Welcome to the peer-reviewed papers section of Oil and Gas Facilities, which includes five papers this month. I am very pleased that we can offer an additional paper, and I want to thank the numerous technical editors and three associate editors for the extra efforts required to make this happen. I know that many of you especially value this portion of the magazine, and with this expansion, we hope that it becomes even more relevant to our readers.
Our first paper deals with pipeline embedment, a fundamental input to the assessment of pipe/soil interaction (PSI), which is the largest uncertainty faced in the design of offshore pipelines subject to lateral-buckling and walking phenomena. However, pipeline embedment is notoriously difficult to predict because of the inherent uncertainty of the installation process. By the use of high-quality observations of pipeline embedment, an updated methodology to predict this parameter was developed and subsequently verified successfully. The paper presents this revised methodology, which clearly has the potential to improve assessments of embedment and thus, provide more-accurate PSI responses.
The second paper deals with another offshore topic—hybrid-power systems that increase energy efficiency and reduce emissions. As emission controls are becoming more widespread around the world, emissions reduction in oil and gas exploration and production operations is increasingly relevant. Hybrid-power systems can address some of these issues with batteries to offset peak loads, thereby reducing size requirements for the total system. This paper provides an overview of the battery systems that can be applied for offshore applications with the objective of serving as a selection guide.
The third paper covers steel risers on a turret-moored floating production, storage, and offloading (FPSO) facility. The Espirito Santo, located offshore Brazil, was the first such FPSO, having begun operation in 2009. This paper summarizes the basis for selecting steel risers for this particular development, how the risers and umbilicals interface with the turret, and the impact of the riser choice on the turret design. The paper also describes the manner in which the in-service inspection of the riser system is performed and provides a summary of the inspection results.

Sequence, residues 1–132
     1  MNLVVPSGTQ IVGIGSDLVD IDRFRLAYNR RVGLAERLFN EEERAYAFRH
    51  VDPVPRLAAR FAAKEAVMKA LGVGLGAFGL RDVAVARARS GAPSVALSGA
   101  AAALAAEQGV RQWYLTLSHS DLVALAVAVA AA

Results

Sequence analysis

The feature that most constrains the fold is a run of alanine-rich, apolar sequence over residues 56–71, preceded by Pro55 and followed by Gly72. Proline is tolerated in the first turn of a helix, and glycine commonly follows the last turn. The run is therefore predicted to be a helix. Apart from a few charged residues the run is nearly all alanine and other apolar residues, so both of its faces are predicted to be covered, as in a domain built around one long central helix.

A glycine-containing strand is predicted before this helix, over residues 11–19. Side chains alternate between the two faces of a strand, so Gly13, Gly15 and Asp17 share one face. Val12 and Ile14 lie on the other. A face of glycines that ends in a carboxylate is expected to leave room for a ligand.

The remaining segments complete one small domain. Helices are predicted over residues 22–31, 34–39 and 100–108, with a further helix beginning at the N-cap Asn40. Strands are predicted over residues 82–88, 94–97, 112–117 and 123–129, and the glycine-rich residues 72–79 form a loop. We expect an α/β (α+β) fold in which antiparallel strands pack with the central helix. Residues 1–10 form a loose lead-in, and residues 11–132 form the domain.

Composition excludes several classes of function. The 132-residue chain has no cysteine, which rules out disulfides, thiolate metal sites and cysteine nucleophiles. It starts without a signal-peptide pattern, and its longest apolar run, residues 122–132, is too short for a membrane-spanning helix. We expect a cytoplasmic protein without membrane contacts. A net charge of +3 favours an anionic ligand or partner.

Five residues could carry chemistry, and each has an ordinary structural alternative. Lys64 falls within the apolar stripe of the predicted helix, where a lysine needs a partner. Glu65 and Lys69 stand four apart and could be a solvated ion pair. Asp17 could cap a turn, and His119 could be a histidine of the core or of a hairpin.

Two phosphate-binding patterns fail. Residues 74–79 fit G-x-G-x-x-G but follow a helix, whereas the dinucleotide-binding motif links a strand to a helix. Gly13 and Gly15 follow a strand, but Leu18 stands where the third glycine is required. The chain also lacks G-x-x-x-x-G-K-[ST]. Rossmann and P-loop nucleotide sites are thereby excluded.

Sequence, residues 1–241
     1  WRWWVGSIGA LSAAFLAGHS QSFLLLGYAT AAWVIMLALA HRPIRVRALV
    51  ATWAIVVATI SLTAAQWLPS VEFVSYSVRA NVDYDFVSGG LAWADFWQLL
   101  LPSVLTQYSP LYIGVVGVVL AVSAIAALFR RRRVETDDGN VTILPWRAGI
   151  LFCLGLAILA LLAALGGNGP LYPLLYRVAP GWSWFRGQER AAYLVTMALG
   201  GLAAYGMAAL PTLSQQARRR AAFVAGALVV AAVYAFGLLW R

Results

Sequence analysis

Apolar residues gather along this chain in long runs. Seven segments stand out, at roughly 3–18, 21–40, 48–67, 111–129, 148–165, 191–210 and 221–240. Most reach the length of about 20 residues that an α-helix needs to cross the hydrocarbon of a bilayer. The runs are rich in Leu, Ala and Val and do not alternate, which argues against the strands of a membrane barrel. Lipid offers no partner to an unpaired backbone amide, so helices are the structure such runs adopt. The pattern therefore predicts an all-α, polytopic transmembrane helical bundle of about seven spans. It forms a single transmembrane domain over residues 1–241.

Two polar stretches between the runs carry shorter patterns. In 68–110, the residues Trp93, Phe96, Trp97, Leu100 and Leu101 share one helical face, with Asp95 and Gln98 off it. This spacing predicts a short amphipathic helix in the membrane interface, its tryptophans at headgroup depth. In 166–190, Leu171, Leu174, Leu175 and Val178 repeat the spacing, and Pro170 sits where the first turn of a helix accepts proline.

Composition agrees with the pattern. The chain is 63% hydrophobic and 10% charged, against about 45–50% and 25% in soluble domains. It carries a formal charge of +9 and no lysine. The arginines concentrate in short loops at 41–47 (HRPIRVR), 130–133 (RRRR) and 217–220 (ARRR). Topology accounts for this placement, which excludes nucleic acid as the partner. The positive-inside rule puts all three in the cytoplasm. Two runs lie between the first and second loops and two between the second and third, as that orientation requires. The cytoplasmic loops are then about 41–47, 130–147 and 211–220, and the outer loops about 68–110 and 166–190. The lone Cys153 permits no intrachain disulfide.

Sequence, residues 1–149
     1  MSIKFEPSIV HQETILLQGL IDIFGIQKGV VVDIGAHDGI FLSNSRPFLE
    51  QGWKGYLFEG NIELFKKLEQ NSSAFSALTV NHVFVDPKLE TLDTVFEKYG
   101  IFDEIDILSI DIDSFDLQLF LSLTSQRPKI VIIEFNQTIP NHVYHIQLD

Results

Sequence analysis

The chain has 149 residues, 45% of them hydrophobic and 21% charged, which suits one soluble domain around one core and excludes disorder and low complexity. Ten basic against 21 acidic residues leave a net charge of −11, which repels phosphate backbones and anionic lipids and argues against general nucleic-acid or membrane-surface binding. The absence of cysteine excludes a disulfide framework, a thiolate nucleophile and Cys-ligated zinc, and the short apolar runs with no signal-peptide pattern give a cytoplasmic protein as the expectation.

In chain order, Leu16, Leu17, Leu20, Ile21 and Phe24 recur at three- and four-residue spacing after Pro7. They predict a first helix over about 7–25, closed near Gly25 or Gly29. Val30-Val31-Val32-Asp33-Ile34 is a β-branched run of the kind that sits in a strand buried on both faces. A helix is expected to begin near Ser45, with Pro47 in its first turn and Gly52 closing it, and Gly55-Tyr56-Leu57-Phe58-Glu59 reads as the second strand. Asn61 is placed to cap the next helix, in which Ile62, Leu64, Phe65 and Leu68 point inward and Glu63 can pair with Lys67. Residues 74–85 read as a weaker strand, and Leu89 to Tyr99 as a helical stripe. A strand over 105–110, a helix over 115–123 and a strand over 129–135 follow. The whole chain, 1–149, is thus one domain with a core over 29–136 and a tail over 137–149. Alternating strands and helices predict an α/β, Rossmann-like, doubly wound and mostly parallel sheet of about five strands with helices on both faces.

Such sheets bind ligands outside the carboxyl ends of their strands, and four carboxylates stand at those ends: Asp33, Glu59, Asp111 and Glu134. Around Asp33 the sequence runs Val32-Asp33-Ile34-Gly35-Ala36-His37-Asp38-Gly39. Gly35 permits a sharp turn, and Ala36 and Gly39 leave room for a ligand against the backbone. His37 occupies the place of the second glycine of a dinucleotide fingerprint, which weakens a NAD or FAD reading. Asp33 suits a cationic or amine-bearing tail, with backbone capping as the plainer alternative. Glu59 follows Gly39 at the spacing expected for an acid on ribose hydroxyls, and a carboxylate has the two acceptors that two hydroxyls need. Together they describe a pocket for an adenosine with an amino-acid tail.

The next paper deals with reliability analysis of Arctic oil and gas facilities. More specifically, it describes the way in which one can manage the lack of adequate reliability data for such facilities. Historical data gathered in normal-climate regions may not be appropriate for Arctic regions because they do not include the effects of harsh Arctic operating conditions. In this study, the expert-judgement process is used as a tool to modify the data to account for these adverse impacts, and then the fuzzy set theory is applied to deal with various sources of bias and uncertainties that are involved in expert judgements. The paper concludes with a case study to illustrate this approach.
The final paper deals with horizontal heater treaters used to separate oil/water emulsions. Conventional burners used in these heaters can cause hot spots that result in coking of the viscous emulsion on the outer surface of the firetube, leading to an early failure of the firetube. To address this issue, a conventional burner can be replaced with an all-radiant distributed-flux burner that spreads the heat over a much larger area, with a very uniform flame shape. This design not only reduces the peak heat flux surrounding the combustion zone significantly, but heat is also distributed farther down the length of the firetube, improving its overall performance and efficiency. This paper presents data from both pilot tests and field tests of a recent burner retrofit of a horizontal heater treater at an oil-sands field in northern Canada to illustrate these aspects.
I hope that you will review these interesting papers and feel encouraged to submit a discussion, if you feel that the content of a particular paper warrants further debate or comments, or a paper for peer review. We welcome either one, and you will find instructions for submitting your contribution below.
Gerald Verbeek, Peer-Review Editor,
Verbeek Management Services
Williams Chirinos, Inexertus
Galen Dino, Audubon Engineering Solutions
Sudhakar Mahajanam, ConocoPhillips